Business Economy 01 Sep 2020 Finally, it falls to ...

Finally, it falls to the farmer to rescue India's parlous GDP

DECCAN CHRONICLE | MADHUSUDAN SAHOO
Published Sep 1, 2020, 9:48 am IST
Updated Sep 1, 2020, 1:42 pm IST
Growing at 3.4%, farm sector may be a safe haven for millions of corona refugees from urban India
The latest GDP data released by India indicated a steep contraction of 23% in the economy. (AP file photo)
 The latest GDP data released by India indicated a steep contraction of 23% in the economy. (AP file photo)

New Delhi: The release of GDP data for the corona-disrupted first quarter of 2020-21 on Monday came as a shocker despite the foreboding there had been for weeks earlier.

The steepest decline ever in GDP growth, despite efforts to prevent it by both government and Reserve Bank, signals that India’s economic recovery is bleak with millions of jobless and businesses on the path to bankruptcy.

 

According to the government data released on Monday, the GDP at constant (2011-12) prices in Q1 of 2020-21 is estimated at Rs 26.90 lakh crore as against Rs 35.35 lakh crore in Q1 of 2019-20.

That is a contraction of 23.9 per cent where there had been growth of 5.2 per cent in the same period last fiscal.

It is the sharpest contraction since India started publishing quarterly GDP figures in 1996. It basically says India's economic activities stand crippled following the nationwide lockdown that was imposed in March to tackle the spread of Covid-19.

 

Reacting to the data, chief economic adviser (CEA) K V Subramanian tried to put a spin on it. "We are witnessing a V-shaped recovery as the economy unlocks E-way bills at 99.9 per cent vs August last year despite local lockdowns. This will continue. Once the Unlock phase was undertaken, the decline has been progressively lower. The trend is one of a V-shaped recovery," he said.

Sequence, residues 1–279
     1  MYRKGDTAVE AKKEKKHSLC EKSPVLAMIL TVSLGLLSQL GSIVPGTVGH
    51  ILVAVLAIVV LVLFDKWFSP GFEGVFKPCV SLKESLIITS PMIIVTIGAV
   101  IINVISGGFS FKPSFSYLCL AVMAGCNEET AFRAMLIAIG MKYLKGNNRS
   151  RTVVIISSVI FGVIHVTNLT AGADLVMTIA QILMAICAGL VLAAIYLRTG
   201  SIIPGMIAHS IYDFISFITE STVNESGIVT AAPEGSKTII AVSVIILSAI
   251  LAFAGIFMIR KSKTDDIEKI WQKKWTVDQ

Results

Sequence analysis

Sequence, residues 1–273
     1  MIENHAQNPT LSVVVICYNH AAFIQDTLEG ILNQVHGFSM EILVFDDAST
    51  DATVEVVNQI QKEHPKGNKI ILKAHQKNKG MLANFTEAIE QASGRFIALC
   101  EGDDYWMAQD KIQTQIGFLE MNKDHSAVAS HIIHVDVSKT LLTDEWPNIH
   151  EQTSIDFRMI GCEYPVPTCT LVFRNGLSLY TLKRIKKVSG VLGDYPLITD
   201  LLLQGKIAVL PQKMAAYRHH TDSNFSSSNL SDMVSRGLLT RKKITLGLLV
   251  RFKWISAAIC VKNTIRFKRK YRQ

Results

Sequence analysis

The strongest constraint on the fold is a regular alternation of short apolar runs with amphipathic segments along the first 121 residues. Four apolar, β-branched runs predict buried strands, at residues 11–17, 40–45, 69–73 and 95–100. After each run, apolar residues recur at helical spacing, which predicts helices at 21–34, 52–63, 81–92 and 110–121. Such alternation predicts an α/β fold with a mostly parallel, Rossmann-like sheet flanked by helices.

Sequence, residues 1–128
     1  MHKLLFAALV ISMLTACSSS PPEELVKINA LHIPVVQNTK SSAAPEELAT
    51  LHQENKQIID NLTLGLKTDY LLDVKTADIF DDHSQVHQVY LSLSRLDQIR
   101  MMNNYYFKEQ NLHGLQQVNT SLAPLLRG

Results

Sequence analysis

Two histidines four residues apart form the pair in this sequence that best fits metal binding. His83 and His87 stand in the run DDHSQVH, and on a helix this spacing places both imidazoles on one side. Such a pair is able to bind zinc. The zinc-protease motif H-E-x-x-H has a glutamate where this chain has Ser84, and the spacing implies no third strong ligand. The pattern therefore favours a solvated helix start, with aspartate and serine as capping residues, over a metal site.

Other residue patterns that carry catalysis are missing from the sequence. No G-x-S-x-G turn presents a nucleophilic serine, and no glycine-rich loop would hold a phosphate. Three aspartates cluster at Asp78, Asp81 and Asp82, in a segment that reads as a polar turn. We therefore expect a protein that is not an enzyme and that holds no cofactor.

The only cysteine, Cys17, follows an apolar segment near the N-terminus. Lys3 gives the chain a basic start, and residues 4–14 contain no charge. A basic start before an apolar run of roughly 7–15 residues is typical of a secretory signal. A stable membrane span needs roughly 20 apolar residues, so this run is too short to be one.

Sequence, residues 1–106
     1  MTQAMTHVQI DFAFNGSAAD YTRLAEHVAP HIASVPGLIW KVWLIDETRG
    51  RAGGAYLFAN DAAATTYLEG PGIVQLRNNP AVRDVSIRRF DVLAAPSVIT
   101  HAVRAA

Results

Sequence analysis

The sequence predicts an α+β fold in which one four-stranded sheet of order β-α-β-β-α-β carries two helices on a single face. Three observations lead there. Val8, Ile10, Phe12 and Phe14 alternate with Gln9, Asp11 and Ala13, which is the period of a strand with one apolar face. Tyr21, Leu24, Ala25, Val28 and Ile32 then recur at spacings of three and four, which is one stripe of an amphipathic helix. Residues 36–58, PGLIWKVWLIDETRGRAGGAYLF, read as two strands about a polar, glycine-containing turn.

As per the data, manufacturing has entered recession with output falling 39.3 per cent in the June quarter after falling 1.4 per cent in the previous quarter.

 

The positive news is that the annual growth of the farm sector stood at 3.4 per cent in the April-June quarter, giving some hope that the rural economy will be able to support millions of migrant workers who have returned to their villages during the lockdown period.

Manufacturing, construction and trade sectors reported a massive slump of 39.3 per cent, 50.3 per cent, 47 per cent, respectively. Government expenditure, as represented by public administration services, contracted by 10.3 per cent, while mining and electricity sector contracted by 23.3 per cent and 7 per cent, respectively.

 

Reacting to the data, economists said the numbers were in line with what was indicated. "Investment growth has been going down for quite some time and investment growth slowdown is understandable in this environment. The issue is what will revive first: investment or consumption. We assume investment will stay weak. We expect to see consumer behaviour changing," said senior economist DK Joshi of Crisil.

Even as the first half of the current fiscal is expected to remain weak, India Inc, however, expects a recovery in the second half led by supportive fiscal and monetary policies.

 

"We have already started to see a discernible improvement in many high-frequency indicators, which are expected to pick-up further, going forward. In this context, the localized lockdowns being imposed by state and district administrations may be avoided so that economic recovery can be kept on track," said Chandrajit Banerjee, director-general of CII.

Even before the pandemic struck, the Indian economy had been experiencing a slowdown, growing only 4.2 per cent in FY20. The government in May announced a Rs 21 lakh crore stimulus package to tackle the economic fallout of the pandemic. The steps attempted to minimise the economic impact of the pandemic and provide a cushion to deal with the lockdown.

 

Most of the announcements made so far, attempt at restarting the economy with reforms on the supply side. The relief package provided immediate relief in the form of tax deferrals, cash transfers for the poor, and regulatory forbearance. As part of the package, the government also announced credit guarantees for micro, small and medium enterprises (MSMEs), transfer of foodgrain to the poor, regulatory changes to prevent bankruptcies, among others.

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